Let’s start with the basics: it is pretty good at being a BMW. I’m still no fan of the company’s grille-heavy design direction, but the i4’s need to have a standard-sized UK numberplate clamped in its teeth certainly helps to diminish its visual scale. The cabin features a vast central display screen, which runs up to the smaller one for the digital instruments, and BMW has followed the herd in abolishing most switchgear. The screen looks nice and the UI is mostly intuitive, but it shares the common failing of requiring eyes to be taken off the road for even basic interactions (I confidently predict that in a few years a premium carmaker will smugly reinvent the rotary heater control).

Space is good in the front, and the driving position can be set impressively low considering the underfloor battery pack. It’s tight and gloomy for adults in the back – as is the GranCoupe – but there’s a respectable quantity of luggage space under the rear hatchback (470 litres with seats up, 1,290 with them folded.) Despite being an EV there is no extra stowage under the bonnet, where an engine-like plastic cover sits over control gear and ancillaries.

The driving experience starts off very similar: recognisably BMW, but with a twist. At lower speeds the M50 feels very civilized, pliant suspension dealing well with urban lumps and speed bumps (the rear axle is air-spring, although the front uses steel springs.) BMW is particularly proud of the in-car soundscape created by renowned film scorer Hans Zimmer, which adapts to speed and throttle position with a noise that is somewhere between mechanical and orchestral, and which becomes louder and snarlier in Sport mode. BMW describes this as IconicSounds, although the lack of a natural source makes them seem more IronicSounds, and on my limited straw polling they seem to split opinion down the middle for those who experience them. I’m clearly a Luddite, I turned the system off after ten minutes and immediately liked the car more without it. Sorry, Hans – but The Thin Red Line remains my favourite soundtrack of all time.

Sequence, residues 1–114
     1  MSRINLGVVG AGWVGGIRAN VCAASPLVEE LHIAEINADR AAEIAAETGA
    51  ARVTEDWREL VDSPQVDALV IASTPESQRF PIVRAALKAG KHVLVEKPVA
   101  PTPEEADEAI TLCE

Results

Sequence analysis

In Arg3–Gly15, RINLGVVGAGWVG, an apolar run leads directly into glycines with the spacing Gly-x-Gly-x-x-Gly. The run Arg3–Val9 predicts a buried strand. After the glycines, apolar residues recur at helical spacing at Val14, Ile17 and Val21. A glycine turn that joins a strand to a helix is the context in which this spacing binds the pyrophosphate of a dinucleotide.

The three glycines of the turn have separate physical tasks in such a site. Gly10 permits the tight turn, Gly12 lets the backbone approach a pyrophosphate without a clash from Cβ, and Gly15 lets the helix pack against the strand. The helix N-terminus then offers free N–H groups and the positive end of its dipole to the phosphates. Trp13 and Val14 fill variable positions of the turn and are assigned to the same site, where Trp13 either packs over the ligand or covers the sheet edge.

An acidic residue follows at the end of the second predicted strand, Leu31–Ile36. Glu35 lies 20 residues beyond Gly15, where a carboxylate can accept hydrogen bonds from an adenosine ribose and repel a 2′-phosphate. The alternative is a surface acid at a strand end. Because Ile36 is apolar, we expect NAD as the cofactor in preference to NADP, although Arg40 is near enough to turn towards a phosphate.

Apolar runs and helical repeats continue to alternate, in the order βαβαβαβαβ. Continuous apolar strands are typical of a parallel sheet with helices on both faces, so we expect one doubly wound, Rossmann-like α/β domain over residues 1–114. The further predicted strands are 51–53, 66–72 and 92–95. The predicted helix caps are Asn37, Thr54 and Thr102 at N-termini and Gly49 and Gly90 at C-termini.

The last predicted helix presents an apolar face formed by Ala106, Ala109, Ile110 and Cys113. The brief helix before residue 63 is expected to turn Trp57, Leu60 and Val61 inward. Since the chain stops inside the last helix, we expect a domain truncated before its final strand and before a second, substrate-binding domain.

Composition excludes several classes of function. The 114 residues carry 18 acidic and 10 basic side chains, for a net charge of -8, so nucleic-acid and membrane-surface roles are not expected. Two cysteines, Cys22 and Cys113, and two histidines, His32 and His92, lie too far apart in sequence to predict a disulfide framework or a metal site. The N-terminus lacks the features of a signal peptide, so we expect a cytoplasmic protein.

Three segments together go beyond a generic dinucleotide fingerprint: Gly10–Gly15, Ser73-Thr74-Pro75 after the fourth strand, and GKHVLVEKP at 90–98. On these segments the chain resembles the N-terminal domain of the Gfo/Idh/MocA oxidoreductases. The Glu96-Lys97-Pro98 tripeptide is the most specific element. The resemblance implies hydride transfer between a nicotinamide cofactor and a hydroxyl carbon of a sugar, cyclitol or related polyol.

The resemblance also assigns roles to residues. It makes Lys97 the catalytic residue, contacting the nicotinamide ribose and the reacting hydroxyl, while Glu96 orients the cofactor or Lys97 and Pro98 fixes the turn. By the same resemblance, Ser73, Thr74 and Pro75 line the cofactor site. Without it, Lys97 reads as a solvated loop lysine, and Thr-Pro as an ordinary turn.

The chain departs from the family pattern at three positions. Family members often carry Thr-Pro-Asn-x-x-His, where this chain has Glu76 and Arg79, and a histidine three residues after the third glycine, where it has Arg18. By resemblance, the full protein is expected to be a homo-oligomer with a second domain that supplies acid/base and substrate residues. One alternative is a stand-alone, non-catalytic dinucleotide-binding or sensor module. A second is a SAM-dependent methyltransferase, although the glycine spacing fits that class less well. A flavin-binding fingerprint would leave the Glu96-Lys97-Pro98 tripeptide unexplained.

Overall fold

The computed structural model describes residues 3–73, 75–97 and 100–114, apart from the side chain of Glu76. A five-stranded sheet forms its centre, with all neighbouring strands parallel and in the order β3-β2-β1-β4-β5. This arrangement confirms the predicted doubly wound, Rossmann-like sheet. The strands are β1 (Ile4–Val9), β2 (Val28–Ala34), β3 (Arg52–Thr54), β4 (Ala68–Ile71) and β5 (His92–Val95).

The biggest criticism at lower speeds was snappy throttle reactions plus a slight but noticeable hesitation between making an input and feeling a reaction. There was much less of this in Comfort than Sport, but even in its softest modes the accelerator seemed to be trying to pack too much response into the top of its travel – a Taycan feels much more progressive. Like most big output EVs, performance is both massive and apparently effortless, the i4 projecting itself into gaps without the need to wait for gears to shift or weighty engine internals to gather pace. Even a launch control start in the full-fang Sport Boost mode didn’t cause any undue drama for the P-Zero tyres, although nor did it match my memory of the almost painful G-forces created by a Model 3 Performance when I did the same thing.